The hugely popular dating app Tinder has added a new function to its famous "swipe right" motion, and it's called a "super like".
The soon to IPO company has gained millions of users in the last three years. Users swipe right on someone's profile to indicate if they like them, and if that like is reciprocated, the pair are matched.
Now, the new "super like", which this time is a swipe up motion, is being introduced in Australia, with further roll out globally to follow.
"A ‘like’, or 'swipe right', has long served as an anonymous way to express interest in someone, similar to a glance across the room," said newly returned Tinder chief executive Sean Rad.
But the super like can only be used a limited amount of times. “Because they’re so limited in number, a super like, or a 'swipe up', sends a more powerful signal, conveying an especially high level of interest. People like to know that someone finds them special, and we think this will lead to even better matches. In this and future product releases we’re focused on maintaining the incredible fun of the Tinder community while providing our users with better tools for making great connections," he said.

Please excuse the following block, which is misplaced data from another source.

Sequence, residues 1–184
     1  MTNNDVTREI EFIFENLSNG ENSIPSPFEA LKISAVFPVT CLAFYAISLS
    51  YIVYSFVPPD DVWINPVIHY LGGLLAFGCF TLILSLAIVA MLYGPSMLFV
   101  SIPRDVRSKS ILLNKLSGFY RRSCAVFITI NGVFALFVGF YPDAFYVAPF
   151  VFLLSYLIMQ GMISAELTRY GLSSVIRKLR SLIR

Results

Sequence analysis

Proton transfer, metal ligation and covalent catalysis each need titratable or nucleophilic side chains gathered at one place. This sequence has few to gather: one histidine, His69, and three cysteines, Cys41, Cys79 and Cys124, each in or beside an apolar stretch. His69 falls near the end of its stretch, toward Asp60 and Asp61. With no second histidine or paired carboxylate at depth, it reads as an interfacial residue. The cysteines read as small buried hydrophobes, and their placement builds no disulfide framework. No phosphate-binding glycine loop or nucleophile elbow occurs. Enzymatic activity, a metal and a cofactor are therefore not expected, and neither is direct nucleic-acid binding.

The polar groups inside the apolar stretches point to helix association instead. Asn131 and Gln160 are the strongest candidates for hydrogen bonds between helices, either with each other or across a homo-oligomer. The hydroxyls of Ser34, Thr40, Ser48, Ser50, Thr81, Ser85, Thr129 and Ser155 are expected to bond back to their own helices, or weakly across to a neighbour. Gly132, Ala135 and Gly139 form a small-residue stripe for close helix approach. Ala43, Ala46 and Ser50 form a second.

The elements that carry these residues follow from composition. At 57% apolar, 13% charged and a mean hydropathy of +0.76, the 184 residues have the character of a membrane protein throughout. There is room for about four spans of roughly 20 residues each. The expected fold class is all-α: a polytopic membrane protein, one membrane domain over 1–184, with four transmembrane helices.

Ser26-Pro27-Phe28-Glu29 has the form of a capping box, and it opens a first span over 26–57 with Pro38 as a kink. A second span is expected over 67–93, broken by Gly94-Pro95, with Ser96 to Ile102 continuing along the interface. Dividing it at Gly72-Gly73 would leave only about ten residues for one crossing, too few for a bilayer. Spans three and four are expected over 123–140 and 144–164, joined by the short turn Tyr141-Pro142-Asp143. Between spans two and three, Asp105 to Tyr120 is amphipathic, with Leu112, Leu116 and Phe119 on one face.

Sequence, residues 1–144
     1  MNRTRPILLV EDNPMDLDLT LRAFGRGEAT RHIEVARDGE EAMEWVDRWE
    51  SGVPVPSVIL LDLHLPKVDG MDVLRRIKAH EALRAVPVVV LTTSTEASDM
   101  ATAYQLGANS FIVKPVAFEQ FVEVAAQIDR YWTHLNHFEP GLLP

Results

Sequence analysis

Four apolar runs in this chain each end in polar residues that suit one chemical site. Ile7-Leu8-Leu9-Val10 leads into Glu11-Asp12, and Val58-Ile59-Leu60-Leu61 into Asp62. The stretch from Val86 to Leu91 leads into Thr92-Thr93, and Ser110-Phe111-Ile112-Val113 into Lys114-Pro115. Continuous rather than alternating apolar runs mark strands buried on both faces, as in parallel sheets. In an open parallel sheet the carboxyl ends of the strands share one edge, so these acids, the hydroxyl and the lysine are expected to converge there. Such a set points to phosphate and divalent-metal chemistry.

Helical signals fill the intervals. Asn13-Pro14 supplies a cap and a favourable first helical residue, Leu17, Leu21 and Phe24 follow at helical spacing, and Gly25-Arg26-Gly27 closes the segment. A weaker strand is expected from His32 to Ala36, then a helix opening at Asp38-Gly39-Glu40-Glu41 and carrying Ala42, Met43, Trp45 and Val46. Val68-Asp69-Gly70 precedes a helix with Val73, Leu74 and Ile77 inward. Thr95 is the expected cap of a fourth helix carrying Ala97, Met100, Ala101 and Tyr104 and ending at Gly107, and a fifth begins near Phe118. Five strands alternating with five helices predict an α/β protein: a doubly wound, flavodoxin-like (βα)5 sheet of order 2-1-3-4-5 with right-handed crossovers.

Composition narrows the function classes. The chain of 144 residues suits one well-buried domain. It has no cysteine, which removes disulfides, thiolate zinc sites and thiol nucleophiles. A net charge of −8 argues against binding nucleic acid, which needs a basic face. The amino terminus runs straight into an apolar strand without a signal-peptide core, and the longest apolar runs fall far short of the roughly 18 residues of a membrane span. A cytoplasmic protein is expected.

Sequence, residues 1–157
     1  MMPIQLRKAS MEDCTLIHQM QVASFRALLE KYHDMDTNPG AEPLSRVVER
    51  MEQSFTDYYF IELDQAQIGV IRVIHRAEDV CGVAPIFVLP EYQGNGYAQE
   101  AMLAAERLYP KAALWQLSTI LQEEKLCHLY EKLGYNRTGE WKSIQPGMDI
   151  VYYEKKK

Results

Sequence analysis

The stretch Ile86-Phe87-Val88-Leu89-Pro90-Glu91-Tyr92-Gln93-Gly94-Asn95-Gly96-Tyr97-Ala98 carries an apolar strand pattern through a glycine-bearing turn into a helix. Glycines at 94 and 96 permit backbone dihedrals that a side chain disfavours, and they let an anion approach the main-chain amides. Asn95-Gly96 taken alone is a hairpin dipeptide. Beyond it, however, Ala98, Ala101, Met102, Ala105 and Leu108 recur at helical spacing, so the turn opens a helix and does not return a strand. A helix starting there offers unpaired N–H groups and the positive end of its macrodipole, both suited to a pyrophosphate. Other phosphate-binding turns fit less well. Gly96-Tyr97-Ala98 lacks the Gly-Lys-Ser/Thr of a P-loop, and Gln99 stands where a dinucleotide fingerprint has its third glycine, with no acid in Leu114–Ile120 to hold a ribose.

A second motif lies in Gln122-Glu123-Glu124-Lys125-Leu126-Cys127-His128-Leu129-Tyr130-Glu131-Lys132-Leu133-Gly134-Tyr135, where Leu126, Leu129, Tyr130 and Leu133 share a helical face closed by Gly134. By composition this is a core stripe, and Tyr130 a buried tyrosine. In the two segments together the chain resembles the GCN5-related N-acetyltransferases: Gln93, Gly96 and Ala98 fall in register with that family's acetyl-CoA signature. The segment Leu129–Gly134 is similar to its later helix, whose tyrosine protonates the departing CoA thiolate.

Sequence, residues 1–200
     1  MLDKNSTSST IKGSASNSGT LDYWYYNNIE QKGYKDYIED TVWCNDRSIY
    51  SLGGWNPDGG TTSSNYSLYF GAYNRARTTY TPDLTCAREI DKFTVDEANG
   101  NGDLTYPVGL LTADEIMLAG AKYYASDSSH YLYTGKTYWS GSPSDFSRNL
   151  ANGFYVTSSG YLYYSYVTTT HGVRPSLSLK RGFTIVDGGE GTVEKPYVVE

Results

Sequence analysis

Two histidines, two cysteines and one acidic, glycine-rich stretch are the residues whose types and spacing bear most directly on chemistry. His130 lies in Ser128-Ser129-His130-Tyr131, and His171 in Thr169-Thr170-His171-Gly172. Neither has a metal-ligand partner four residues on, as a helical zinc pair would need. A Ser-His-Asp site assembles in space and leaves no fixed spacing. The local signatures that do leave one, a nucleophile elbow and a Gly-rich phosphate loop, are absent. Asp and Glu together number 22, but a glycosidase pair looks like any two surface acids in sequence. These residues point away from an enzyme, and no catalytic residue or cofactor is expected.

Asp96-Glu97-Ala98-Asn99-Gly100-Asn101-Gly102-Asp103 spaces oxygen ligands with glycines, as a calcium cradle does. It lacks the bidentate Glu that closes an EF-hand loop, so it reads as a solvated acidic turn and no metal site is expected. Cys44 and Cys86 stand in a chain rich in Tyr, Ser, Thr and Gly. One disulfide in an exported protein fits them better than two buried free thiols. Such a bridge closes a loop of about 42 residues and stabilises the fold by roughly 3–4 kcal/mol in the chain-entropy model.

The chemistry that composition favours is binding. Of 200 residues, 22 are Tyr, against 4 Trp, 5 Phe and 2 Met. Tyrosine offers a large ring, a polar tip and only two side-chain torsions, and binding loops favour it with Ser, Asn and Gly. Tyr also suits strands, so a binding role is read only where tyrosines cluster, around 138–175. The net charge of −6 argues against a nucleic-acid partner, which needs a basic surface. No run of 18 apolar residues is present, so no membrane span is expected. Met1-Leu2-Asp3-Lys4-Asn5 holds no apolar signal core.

The first Australian users will get one super like per day to use.
To promote the new feature, Tinder has employed the help of self-confessed Tinder fan, supermodel Erin Heatherton, who demonstrates why swipe up is the new over-used swipe right.
Tinder is part of US firm IAC's Match Group, which also includes Match.com, OK Cupid and 40 other dating brands, which announced its intention to float back in June. One Barclays analyst estimated it would value the group at $5.7bn and that Tinder alone could be worth $2bn.
The app has steadily introduced a host of new features to keep users interested and to monetise the app which is well known among younger people. Native ads for brands appear in users feeds alongside those of individuals profiles and introduced a paid-for version which limits the number of swipes per day and charges older users more.